The fourth book in the “I, Human” series by Vito Veii picks up exactly where the third one left off. Captain Marcus, the android Vlen, and their entire fleet continue their journey towards the most distant planets of the galaxy. As they advance, they reach more dangerous places, and they find out some of the planets they want to explore are too hostile to sustain human life. All the while, the darkness at the edge of the galaxy grows even bigger and stronger, and it even starts influencing those who dare look upon it through the telescope.
One of the things I liked most about the fourth book is the symbolism. There is a scene, for instance, when Captain Marcus has a dream. Actually, it is more of a vision because everything he sees later proves to be real. He sees the darkness that threatens the entire universe take the form of Death, who is playing cards with Mephistopheles. When he wakes up, the Captain feels ill, and he is cured by Padre. So, the darkness tried to possess Marcus just like an evil spirit would do. As a reader who really likes stories where the good characters have to face truly challenging threats, I found this idea very clever. The darkness is more than a mystery. The Captain realizes that it is unpredictable and even more dangerous now that he knows it can take over someone’s mind.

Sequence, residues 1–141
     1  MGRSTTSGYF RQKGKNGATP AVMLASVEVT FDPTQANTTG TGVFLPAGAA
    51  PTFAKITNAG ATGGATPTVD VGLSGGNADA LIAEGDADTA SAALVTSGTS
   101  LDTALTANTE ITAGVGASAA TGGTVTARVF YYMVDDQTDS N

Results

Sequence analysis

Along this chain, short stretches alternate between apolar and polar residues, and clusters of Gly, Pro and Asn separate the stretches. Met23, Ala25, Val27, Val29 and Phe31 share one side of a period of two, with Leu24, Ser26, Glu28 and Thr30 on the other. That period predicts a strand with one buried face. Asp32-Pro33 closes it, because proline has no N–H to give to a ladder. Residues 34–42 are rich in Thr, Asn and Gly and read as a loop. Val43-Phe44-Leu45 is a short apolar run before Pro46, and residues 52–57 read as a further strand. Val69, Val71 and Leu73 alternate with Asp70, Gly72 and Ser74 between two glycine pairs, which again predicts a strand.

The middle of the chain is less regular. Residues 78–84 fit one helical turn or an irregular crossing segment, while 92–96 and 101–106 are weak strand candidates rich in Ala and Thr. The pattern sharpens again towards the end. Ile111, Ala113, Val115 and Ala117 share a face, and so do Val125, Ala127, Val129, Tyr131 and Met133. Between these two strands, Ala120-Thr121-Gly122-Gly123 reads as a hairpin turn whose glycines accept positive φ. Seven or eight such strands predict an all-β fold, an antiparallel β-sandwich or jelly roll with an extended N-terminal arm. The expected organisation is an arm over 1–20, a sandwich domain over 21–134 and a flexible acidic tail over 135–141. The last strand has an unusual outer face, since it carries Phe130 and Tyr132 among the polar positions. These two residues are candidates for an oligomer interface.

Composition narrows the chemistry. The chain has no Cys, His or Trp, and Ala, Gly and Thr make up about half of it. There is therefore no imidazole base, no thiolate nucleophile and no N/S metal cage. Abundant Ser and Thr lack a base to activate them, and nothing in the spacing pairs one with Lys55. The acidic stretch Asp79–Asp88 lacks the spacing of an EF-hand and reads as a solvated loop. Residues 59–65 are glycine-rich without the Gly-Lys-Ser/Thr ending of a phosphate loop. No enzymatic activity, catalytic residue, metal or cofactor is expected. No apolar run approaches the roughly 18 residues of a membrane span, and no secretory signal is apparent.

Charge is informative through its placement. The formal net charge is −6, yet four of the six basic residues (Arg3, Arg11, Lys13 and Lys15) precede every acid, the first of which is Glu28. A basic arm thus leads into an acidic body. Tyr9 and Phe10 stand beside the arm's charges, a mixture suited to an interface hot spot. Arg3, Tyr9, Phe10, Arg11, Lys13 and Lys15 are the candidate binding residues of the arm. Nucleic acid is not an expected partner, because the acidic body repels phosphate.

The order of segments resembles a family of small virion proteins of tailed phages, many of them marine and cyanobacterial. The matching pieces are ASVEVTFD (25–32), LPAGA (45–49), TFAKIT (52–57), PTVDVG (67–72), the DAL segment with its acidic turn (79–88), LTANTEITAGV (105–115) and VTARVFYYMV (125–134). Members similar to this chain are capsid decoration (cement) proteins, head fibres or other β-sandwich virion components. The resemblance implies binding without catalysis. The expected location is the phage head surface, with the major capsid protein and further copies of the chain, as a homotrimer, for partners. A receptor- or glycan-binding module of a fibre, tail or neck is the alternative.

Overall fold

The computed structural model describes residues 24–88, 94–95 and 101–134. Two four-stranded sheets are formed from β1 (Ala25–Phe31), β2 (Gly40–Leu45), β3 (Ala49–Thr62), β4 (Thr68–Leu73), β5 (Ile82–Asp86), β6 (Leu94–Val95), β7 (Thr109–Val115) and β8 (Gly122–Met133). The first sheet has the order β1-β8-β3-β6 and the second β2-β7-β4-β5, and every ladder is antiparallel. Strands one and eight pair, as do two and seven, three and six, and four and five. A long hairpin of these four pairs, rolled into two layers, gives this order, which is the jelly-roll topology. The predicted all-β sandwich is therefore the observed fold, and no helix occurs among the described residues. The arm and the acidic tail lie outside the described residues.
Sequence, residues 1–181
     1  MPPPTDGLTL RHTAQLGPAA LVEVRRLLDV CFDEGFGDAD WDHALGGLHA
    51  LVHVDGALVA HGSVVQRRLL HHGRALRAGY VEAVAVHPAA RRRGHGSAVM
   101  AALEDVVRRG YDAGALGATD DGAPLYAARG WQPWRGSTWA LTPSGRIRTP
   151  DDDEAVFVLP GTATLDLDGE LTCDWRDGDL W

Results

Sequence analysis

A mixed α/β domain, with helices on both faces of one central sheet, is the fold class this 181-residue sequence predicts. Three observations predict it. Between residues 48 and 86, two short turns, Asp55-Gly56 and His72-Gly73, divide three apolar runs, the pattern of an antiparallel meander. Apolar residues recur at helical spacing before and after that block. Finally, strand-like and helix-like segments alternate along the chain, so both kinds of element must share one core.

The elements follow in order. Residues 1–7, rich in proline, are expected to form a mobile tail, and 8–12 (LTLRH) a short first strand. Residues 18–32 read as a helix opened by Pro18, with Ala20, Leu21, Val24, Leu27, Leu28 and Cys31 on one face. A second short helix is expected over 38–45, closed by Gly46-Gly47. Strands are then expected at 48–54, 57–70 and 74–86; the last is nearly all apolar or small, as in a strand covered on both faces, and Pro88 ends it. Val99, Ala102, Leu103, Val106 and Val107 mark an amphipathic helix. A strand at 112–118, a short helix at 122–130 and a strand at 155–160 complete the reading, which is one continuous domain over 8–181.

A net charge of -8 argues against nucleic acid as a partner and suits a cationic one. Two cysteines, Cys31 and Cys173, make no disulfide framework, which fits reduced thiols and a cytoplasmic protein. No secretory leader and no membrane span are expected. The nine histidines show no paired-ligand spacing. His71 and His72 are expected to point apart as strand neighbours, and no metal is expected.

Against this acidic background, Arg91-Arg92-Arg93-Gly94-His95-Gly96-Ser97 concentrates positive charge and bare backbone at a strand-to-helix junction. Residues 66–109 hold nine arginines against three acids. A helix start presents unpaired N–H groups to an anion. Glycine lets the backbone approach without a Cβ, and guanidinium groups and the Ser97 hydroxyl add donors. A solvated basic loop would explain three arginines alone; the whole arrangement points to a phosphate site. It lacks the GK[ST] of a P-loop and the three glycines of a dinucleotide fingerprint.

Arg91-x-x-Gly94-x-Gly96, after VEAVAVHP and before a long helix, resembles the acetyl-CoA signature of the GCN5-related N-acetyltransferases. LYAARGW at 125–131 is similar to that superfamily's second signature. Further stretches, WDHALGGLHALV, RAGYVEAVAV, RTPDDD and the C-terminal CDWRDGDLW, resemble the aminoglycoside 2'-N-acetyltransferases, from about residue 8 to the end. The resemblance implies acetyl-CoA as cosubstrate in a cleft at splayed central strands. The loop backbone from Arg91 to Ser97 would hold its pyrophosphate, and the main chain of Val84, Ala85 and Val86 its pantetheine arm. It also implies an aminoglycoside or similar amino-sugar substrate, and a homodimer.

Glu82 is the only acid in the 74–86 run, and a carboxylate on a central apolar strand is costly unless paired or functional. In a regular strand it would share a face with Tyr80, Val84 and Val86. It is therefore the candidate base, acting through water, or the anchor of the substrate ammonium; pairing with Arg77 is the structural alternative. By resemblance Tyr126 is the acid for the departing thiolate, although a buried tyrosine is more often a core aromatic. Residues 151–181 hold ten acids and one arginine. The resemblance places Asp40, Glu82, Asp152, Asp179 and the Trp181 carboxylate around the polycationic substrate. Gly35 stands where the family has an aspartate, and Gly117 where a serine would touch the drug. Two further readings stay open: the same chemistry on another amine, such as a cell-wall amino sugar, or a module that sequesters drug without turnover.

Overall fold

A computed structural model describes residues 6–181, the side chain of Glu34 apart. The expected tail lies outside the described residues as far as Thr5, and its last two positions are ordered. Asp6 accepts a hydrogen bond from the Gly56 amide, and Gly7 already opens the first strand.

The way the author describes the new planets will never cease to amaze me. For example, Dias is the most distant planet in the solar system, and it is incredibly hostile. But there is more to it than that: it is a ghost planet, and together with its moon, it seems that it acts like a shield that protects the entire solar system from outside threats. No matter how many probes the Captain sends, it seems impossible to explore properly, which makes it even more interesting and intriguing.
However, my favorite part was Padre’s sermon. I liked how the concept of human nature was exposed and explained, and it proved to me once again that the author has a unique way with words. As Padre says, the nature of man is determined by his will, which is why people always have to be careful what they want, because those are the things that define them. Once you will something, you also have to be prepared for the consequences, and that’s one of the most powerful messages this novel conveys. This time, the book ends in a cliffhanger. Now I can’t wait to read the fifth installment to find out what happens next.